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Figurines of the God Bes in the Collection of the Pushkin Museum of Fine Art

Figurines of the God Bes in the Collection of the Pushkin Museum of Fine Art FIGURINES OF THE GOD BES IN THE COLLECTION OF THE PUSHKIN MUSEUM OF FINE ART SVETLANA HODJASH (Pushkin Museum of Fine Art, Moscow) In Leipzig in 1877, the Russian Egyptologist Vladimir Golenishchev first published the Mettemich stele with a depiction of the god Horus standing on crocodiles and with the head of Bes above him - a stele designed to protect man from the bites of snakes, scorpions and other unpleasant creatures. This stele had been presented to Mehemet Ali in 1828. At the present time it is in the Metropolitan Museum in New York. V.S. Golenishchev had a mould of the stele made and he used this to make the papier-mache copy which is in the Pushkin Museum in Moscow. The Mettemich stele depicts the god Horus with the curls of youth and a royal cobra-crown. Horus is standing on two crocodiles and is holding in his hands two scorpions, two snakes and a gazelle. Above Horus' head, the head of a dwarf-god - the monster Bes - has been depicted. After the publication of the Mettemich stele V.S. Golenishchev never returned to investigation of this magical protection, yet throughout his life he collected artefacts linked with http://www.deepdyve.com/assets/images/DeepDyve-Logo-lg.png Ancient Civilizations from Scythia to Siberia Brill

Figurines of the God Bes in the Collection of the Pushkin Museum of Fine Art

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Publisher
Brill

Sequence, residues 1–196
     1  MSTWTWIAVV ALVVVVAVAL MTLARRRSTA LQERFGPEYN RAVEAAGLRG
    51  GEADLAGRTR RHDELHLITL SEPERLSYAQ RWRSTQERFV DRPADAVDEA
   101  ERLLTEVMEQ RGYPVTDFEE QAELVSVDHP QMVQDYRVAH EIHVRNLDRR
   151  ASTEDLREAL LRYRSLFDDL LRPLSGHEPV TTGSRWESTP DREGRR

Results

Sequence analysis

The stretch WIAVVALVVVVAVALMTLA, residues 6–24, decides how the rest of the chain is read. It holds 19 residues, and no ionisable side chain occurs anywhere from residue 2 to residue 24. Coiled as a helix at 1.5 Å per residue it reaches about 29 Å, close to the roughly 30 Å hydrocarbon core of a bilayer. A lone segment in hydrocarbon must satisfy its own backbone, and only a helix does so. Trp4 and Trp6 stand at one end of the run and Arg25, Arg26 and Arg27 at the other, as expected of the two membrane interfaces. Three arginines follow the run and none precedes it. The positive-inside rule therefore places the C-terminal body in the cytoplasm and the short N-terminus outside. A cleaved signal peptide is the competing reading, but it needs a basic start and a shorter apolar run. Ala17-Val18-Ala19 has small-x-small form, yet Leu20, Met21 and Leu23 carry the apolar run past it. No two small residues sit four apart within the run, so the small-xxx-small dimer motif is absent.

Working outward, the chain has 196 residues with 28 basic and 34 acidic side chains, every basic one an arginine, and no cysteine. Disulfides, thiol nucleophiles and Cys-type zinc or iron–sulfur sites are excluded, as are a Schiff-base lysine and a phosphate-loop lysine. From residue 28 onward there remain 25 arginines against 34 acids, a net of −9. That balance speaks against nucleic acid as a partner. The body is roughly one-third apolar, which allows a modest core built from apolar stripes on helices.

Copyright
© 2000 Koninklijke Brill NV, Leiden, The Netherlands
ISSN
0929-077X
eISSN
1570-0577
DOI
10.1163/157005700X00069
Publisher site
See Article on Publisher Site

Abstract

FIGURINES OF THE GOD BES IN THE COLLECTION OF THE PUSHKIN MUSEUM OF FINE ART SVETLANA HODJASH (Pushkin Museum of Fine Art, Moscow) In Leipzig in 1877, the Russian Egyptologist Vladimir Golenishchev first published the Mettemich stele with a depiction of the god Horus standing on crocodiles and with the head of Bes above him - a stele designed to protect man from the bites of snakes, scorpions and other unpleasant creatures. This stele had been presented to Mehemet Ali in 1828. At the present time it is in the Metropolitan Museum in New York. V.S. Golenishchev had a mould of the stele made and he used this to make the papier-mache copy which is in the Pushkin Museum in Moscow. The Mettemich stele depicts the god Horus with the curls of youth and a royal cobra-crown. Horus is standing on two crocodiles and is holding in his hands two scorpions, two snakes and a gazelle. Above Horus' head, the head of a dwarf-god - the monster Bes - has been depicted. After the publication of the Mettemich stele V.S. Golenishchev never returned to investigation of this magical protection, yet throughout his life he collected artefacts linked with

Journal

Ancient Civilizations from Scythia to SiberiaBrill

Published: Jan 1, 2000

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